The Cape Town Open Data Portal is now live.
There are currently already 29 datasets online, ranging from the approved budgets for the past two years to the locations of district and community parks. This is a great development, and this repository will hopefully grow over time with many more interesting and valuable datasets. Eventually, we should also see apps and websites built based on these datasets, as well as APIs through which the data can be more dynamically queried.
However: We just checked a number of the datasets, and most of them are in the Microsoft Excel XLSX format.
This is doubly unfortunate for an open data site, also since the OpenDocument Format (ODF) is a completely open standard with multiple good implementations (software systems) available for free on multiple different computing platforms. Furthermore, OpenDocument was adopted as as national South African standard, and was also adopted by the South African government as their default document standard in 2007. Strictly speaking, all South African government documents should be in the OpenDocument format.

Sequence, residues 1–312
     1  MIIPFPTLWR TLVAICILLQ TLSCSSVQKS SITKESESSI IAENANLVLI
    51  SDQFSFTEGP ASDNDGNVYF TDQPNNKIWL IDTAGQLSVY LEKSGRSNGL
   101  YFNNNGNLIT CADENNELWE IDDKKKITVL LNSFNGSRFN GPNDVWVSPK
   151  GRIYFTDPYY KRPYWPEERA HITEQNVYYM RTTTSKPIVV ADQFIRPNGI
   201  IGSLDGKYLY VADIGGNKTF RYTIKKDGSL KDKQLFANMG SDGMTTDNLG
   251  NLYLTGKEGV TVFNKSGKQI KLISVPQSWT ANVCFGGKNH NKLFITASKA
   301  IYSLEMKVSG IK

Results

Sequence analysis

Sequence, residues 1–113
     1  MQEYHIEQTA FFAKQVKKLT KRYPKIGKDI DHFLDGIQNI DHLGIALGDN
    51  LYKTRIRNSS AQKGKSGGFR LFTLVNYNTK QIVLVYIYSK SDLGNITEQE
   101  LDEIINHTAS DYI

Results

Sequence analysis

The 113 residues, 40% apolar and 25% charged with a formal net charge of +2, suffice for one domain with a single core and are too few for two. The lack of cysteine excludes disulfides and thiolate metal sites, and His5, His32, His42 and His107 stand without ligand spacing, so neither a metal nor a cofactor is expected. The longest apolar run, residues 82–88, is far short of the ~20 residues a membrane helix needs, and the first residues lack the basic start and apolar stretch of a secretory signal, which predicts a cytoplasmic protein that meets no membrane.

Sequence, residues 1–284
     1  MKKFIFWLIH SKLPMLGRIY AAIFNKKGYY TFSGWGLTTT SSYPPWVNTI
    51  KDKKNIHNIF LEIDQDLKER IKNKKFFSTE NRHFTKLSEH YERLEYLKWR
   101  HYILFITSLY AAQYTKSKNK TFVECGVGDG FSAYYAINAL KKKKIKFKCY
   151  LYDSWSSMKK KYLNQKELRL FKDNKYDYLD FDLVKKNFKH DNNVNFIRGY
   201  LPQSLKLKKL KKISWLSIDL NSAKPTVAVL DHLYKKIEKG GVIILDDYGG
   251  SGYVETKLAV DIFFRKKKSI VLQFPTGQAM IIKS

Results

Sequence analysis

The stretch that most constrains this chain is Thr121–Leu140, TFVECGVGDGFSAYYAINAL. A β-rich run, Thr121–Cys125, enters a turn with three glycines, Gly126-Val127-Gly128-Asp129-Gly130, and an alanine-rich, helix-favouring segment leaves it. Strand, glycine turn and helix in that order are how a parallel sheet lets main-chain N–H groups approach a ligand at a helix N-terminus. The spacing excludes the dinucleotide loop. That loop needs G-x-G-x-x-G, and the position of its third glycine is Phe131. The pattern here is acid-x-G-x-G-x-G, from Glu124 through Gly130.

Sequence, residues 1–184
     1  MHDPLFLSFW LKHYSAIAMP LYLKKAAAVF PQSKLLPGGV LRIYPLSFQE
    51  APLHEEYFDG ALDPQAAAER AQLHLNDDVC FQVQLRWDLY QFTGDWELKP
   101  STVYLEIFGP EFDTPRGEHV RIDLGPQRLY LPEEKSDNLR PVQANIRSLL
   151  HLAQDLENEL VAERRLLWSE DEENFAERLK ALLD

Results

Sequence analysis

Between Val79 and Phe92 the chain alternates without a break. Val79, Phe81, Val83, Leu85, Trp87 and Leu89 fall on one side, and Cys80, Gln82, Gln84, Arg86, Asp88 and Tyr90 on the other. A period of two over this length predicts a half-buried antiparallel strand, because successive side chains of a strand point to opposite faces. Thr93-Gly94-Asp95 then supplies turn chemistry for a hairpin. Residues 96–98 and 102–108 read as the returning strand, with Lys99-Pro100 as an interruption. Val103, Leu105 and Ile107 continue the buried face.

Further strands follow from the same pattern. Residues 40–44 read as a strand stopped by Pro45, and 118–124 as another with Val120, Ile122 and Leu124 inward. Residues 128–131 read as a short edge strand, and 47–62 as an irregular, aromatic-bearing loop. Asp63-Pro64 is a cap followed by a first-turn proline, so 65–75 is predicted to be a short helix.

While it is true that Microsoft managed to push their office formats through the standardisation process (after the initial failed attempts), their formats fail to satisfy a number of the important requirements for open standards as defined in section 2.3 on page 10 of the government’s Mininimum Interoperability Standards for Information Systems in government (MIOS). Furthermore, the OpenDocument format is completely free and open, has a number of freely available first-class implementations on all computing platforms, and is not controlled by any one company. It is the more reasonable office format choice for open data that has to be accessible to as many as possible of South Africa’s citizens for as long as possible.
If you agree that OpenDocument and other really open standards would be better on the way forward, please leave your comments using the feedback page of the Cape Town Open Data Portal, citing this post if you like.